A drug's other constituents-patients, physicians, investors -can also influence research. Take the recent failure of Repligen's autism treatment secretin to survive Phase III clinical trials-a misfortune for the small Waltham, Massachusetts–based biotech but tragic news for hopeful parents. Secretin was "discovered" by a woman whose autistic son was given the drug to diagnose a gastrointestinal problem. He and thousands of other autistic patients soon were taking it off-label. A patent assignee, she licensed it to Repligen, headed by a man with two autistic daughters. The impetus for the research was unimpeachable: there is no approved autism drug and no reason to prejudge the plausibility of secretin's efficacy (autism is often accompanied by GI defects and secretin is normally found in the brain). But the drug had already performed poorly in previous National Institutes of Health–sponsored trials.

Despite the appearance that Repligen was swayed by strong feelings, it's hard to assign blame. Fact is, the decision to kill a drug trial is rarely clear cut.

Higher Resolution

Go or no go? That is the deceptively simple binary question. The goal of drug development is also simply stated, if not easily achieved: successful administration and manufacture (low technical risk), safety and efficacy (manageable medical risk), and satisfactory profit potential (acceptable commercial risk). It follows that the reason for terminating a drug program is an actual or anticipated deficiency in any of these areas.

Similar issues arise over whether to halt a single trial rather than an entire program. One difference: a single trial can be wrapped up early if interim analysis reveals exceptional efficacy. Negative reasons for ending an isolated trial, according to Joachim Vollmer, executive vice-president of PRA International, include adverse health events, new competitive challenges, independent unfavorable clinical results, and a revised portfolio strategy. The big difference between terminating one trial and shutting down an entire project is the degree to which risks are reparable. When a fix raises costs above what's recoverable, it's time to pack it all in.

The issues behind the go/no-go decision are numerous, interrelated, and uncertain-a web of suppositions really. (See "Factors Considered in R&D Decisions.") The two alternatives rapidly ramify, generating an indeterminate number of outcomes, too many and too "iffy" to fully or conclusively evaluate. The source of this complexity is:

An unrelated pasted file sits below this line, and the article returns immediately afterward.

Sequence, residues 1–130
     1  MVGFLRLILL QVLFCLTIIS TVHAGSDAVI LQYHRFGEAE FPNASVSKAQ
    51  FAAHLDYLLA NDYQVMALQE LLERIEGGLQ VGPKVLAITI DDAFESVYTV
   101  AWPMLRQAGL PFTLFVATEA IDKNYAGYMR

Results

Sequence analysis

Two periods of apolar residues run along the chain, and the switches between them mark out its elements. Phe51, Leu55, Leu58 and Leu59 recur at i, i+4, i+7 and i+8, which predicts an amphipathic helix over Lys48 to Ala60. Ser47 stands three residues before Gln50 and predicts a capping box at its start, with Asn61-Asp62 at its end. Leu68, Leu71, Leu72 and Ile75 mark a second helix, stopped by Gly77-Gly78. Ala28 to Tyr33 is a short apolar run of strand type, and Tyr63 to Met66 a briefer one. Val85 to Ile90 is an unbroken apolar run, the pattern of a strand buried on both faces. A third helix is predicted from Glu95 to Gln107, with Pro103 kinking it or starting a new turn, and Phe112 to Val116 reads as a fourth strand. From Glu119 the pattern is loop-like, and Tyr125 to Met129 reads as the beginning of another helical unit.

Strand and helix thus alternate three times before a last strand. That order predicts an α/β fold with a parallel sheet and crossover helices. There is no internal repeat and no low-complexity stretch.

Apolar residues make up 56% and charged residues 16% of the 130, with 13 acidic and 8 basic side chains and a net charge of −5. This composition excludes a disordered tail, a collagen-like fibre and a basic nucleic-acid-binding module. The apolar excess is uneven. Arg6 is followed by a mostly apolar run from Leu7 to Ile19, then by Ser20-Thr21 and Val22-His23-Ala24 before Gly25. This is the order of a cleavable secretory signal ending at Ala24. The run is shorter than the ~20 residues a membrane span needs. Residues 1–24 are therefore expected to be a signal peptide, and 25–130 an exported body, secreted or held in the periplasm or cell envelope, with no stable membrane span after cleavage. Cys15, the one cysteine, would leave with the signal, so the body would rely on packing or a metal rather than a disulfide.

Factors Considered in R&D Decisions(percentage rated a "great benefit" or "essential")

Extreme science. Despite astounding advances in bioscience, pharmaceutical R&D remains a sophisticated form of trial and error. That's why, FDA mandates aside, tests are run. Scientists often don't know what to expect. This makes pharma an "ultra slow industry" (like oil exploration and aircraft design). Rapid innovation is unattainable and long product development times are a fact of life, even though ideas and technology are cutting edge. "We are getting better," Hergersberg boasts, "but the diseases aren't getting easier."

Fundamental ambiguity. R&D is more art than science. Results are at times contradictory, and almost always must be interpreted, then applied. We say,"the data suggests," Kaitin points out, "not what does it tell us?" Vollmer says that although statistical rules can guide you, they don't apply to "the non-hard facts you may run into."

Market mysteries. With a long product development lag in a dynamic, competitive, and highly regulated marketplace, it's easy to be blind-sided by customers, competitors, regulators, and more. Still, bets must be placed well in advance.

Halting Progress

Pharma has its share of knotty problems, but that's no excuse for getting in its own way. Some responsibility for prolonged clinical trials goes to mismanagement:

Miscommunication. Drug development draws on the expertise of many disciplines with varied vocabularies and interests. "Few firms know the best way to get people to speak a common language and then make a decision based on that mutual understanding," Kaitin says.